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No More State Board Rule for COVID-19 Precautions: Now What Do We Do?

No More State Board Rule for COVID-19 Precautions: Now What Do We Do?

 

On 06/18/2021 the Texas State Board of Dental Examiners (TSBDE) met and agreed to allow the COVID-19 Rule (officially 22 TAC 108.7(16)) expire with no replacement and the suggestion that dentists in Texas look to the CDC for continued guidance. This rule required patient screening, twice daily employee screening, use of N95/KN95 (or substantial equivalent), and so on.

 

A couple of weeks prior, however, OSHA announced the Emergency Temporary Standard (ETS) to address COVID-19 safety in healthcare settings. The ETS being a Standard has the effect of law and is enforceable as such. We will explore the CDC Guidelines in a moment, but first, let us discuss the ETS.

 

From OSHA’s COVID-19 ETS Summary: “The virus that causes COVID-19 spreads most commonly through person-to-person contact (within about 6 feet), primarily through inhalation of respiratory particles (droplets and aerosols) produced when an infected person exhales, talks, sings, shouts, coughs, or sneezes.

 

The ETS is aimed at protecting workers facing the highest COVID-19 hazards—those working in healthcare settings where suspected or confirmed COVID-19 patients are treated. This includes employees in hospitals, nursing homes, and assisted living facilities; emergency responders; home healthcare workers; and employees in ambulatory care facilities where suspected or confirmed COVID-19 patients are treated.”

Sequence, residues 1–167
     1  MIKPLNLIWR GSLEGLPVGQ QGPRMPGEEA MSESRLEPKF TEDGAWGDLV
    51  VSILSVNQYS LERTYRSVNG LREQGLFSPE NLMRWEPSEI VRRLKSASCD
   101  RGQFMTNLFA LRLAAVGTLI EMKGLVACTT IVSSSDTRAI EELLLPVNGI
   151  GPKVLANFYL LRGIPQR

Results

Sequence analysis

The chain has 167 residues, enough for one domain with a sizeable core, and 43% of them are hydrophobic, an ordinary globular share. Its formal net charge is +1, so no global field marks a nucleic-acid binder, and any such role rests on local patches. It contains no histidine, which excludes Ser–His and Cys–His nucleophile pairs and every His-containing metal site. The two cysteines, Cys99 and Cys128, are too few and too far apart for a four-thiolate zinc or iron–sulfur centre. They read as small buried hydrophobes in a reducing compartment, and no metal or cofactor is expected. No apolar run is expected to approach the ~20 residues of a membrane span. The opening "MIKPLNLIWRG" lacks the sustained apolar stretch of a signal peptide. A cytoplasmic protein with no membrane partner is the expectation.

The ETS “does not apply to non-hospital ambulatory care settings where all non-employees are screened prior to entry and people with suspected or confirmed COVID-19 are not permitted to enter those settings.” The ETS does not seem to prescribe what is necessary for ‘screening’, so it appears dentists have discretion on what your screening process should look like.

 

So, the Dental Board is giving dentists their brains back to decide how to keep patient safe. OSHA seems to be giving dentists their brains back to decide how to keep employees safe. Doctors, you have some decisions to make.

 

What is the ‘right’ patient screening process for your office setting? Is it a verbal inquiry? A written inquiry? A patient response to your appointment confirmation software? Does it involve a temperature check? You decide.

 

On another note, if you make the wrong choice, you can always change course. Meantime, “OSHA will use its enforcement discretion to avoid citing employers who are making a good faith effort to comply with the ETS.”

 

If you were excited that you no longer have to screen patients (by TSBDE Rule) it appears it is still necessary to ensure compliance with OSHA’s ETS.

 

The ETS exempts fully vaccinated workers from masking, distancing, and barrier requirements when in well-defined areas where there is no reasonable expectation that any person with suspected or confirmed COVID-19 will be present.

 

Click here to read the full text if the ETS applies to your dental practice.

 

On another note – last year when the TSBDE required the use of N95/KN95 or substantially equivalent respirators it triggered the application of OSHA’s Respiratory Protection Program under 29 CFR 1910.134. It is nice to see some clarity, albeit quite late in the game, but nonetheless, OSHA came up with “mini-RPP” requirements (29 CFR 1910.504), which require (only) employee training and user seal checks (no fit testing, no medical evaluation, and no written respiratory protection program (RPP), which I provided for each of my clients last year.